Nowadays, motorcycledesign, in my opinion, has lost one of it’s unique features – as in pretty much every design made in the transportation world, the symbiosis of form and function (aka design) is no longer perceivable in any way. We wrap platformbased frameworks with a myriad of injectionmolded plastics and delicately formed sheetmetal.
The exterior design process needs designers, alias- and clay-modellers, CAD, engineers to make it feasible, milliondollarexpensive tools, etc. And in the end, it’s just a piece of thin steel with the sole purpose of not showing the economically perfected frameworks beneath it, making the whole model of selling stuff to people that get’s them from A to B financially sustainable for the manufacturer. The amount of human and material resources that is used in this process makes me borderline mad on how all this potential is wasted just to make something look “kinda new” and differentiate that product from competition – although it’s essentially the same methods, processes and materials used – just the shape is different. I believe this hinders technological and cultural progress on a scale that makes me wonder how these companies could realistically be operating, or existing in 10 years time.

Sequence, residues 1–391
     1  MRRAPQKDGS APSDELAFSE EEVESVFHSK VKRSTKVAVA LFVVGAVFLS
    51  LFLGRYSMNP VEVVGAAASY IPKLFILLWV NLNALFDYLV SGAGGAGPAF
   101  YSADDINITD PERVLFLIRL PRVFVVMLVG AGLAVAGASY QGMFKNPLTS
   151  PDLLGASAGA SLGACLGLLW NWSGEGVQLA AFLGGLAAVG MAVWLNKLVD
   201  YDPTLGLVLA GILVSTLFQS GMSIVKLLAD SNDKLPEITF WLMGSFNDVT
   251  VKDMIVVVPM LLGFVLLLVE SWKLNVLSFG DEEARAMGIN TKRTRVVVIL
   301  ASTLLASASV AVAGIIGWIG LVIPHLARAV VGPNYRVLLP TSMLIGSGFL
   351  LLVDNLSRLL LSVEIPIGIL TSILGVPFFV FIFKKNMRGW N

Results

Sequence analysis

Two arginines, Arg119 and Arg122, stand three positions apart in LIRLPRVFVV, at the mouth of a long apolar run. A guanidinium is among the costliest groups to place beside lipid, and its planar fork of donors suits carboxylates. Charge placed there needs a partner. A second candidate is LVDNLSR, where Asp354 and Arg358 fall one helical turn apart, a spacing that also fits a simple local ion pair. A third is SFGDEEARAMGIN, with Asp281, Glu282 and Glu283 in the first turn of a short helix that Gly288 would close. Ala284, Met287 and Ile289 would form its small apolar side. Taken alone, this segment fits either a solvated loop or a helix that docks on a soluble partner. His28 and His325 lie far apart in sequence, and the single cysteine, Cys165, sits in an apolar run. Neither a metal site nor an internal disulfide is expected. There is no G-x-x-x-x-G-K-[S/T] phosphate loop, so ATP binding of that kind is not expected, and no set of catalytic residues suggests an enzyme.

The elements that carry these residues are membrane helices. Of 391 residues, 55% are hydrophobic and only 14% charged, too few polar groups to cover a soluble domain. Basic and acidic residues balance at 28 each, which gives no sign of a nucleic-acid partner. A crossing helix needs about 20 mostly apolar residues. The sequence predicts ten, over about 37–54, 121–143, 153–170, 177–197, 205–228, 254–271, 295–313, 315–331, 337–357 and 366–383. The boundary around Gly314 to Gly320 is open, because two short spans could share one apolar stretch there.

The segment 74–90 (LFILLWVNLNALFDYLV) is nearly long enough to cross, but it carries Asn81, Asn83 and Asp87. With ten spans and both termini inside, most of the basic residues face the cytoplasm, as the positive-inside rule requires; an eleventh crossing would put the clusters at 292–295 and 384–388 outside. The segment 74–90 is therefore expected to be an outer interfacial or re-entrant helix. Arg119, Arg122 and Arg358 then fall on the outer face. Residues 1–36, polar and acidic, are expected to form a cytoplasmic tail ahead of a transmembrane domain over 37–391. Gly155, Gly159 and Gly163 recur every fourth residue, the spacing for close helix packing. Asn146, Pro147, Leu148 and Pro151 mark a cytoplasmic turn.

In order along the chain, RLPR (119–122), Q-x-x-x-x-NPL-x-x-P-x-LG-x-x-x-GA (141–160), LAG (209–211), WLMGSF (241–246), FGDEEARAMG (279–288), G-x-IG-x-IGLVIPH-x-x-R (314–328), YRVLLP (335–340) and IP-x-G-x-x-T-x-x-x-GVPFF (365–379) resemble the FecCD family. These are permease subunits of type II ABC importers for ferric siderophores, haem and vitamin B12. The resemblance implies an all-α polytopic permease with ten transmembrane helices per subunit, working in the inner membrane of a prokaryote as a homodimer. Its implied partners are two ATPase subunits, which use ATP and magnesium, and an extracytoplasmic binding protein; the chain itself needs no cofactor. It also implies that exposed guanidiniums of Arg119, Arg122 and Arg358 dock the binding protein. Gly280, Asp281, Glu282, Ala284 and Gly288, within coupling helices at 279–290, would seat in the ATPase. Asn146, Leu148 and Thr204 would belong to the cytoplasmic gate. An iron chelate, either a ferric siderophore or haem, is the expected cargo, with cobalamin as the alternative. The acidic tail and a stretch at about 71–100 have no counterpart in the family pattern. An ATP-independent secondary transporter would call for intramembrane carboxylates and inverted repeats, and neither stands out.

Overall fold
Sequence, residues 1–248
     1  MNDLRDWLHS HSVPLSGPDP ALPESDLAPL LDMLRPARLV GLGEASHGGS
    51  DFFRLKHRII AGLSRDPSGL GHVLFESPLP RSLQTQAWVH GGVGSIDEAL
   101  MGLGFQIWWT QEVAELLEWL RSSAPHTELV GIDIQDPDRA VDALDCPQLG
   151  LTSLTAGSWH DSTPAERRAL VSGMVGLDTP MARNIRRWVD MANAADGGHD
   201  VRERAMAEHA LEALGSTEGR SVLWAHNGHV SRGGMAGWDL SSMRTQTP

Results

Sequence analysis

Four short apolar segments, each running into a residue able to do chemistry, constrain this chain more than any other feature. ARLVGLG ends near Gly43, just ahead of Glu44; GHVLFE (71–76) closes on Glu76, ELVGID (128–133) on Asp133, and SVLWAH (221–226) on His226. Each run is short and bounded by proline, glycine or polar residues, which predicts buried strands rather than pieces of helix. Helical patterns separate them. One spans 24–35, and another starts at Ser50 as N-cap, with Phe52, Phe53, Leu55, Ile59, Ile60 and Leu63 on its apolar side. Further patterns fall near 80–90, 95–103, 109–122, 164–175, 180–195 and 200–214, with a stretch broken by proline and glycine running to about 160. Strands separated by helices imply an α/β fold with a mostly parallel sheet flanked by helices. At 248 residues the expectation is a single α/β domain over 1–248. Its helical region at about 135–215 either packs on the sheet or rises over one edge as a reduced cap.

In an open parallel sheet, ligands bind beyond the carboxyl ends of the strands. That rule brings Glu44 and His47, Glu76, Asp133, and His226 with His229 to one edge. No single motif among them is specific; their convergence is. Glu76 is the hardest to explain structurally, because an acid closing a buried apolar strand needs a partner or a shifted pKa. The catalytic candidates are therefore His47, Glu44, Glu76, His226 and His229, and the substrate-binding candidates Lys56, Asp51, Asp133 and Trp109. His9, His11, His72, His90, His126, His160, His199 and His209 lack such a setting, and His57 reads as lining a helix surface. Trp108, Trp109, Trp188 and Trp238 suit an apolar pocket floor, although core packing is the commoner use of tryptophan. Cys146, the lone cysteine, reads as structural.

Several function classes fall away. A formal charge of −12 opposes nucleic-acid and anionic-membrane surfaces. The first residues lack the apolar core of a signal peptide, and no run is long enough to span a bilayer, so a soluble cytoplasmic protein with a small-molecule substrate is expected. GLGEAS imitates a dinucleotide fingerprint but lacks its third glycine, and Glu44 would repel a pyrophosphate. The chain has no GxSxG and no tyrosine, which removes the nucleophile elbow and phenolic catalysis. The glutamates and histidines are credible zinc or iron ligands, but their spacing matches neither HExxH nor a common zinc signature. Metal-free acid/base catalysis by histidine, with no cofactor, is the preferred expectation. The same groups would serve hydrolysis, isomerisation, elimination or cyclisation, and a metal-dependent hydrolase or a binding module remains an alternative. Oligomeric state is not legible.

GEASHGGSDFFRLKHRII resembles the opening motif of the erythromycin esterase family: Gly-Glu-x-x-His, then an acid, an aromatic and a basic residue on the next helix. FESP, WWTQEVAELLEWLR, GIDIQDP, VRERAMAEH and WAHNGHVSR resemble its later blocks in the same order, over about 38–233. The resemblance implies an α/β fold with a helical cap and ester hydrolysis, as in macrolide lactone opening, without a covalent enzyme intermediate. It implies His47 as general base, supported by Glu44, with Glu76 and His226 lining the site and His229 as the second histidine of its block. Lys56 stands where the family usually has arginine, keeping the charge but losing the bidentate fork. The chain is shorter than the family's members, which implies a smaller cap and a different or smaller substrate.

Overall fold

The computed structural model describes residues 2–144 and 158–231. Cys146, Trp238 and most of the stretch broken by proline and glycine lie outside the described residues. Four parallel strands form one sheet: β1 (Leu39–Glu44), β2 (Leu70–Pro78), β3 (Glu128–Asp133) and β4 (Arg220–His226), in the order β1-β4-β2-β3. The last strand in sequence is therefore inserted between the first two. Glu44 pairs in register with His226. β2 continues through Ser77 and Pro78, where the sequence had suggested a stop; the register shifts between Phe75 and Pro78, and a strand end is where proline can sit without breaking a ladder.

Anyway – motorcycle design, especially performanceoriented bikes, still fascinate me on how the construction, materials and architecture only serve the necessary purposes of ultimately forming a bike in the end – and not to form an idea of image and attitude by seducing people with pretty shapes - and consequently end up as hollow artifacts without any cultural or technological significance.
Never fully render a design without designing it in the first place. (It’s a hell lotta’ fun, though)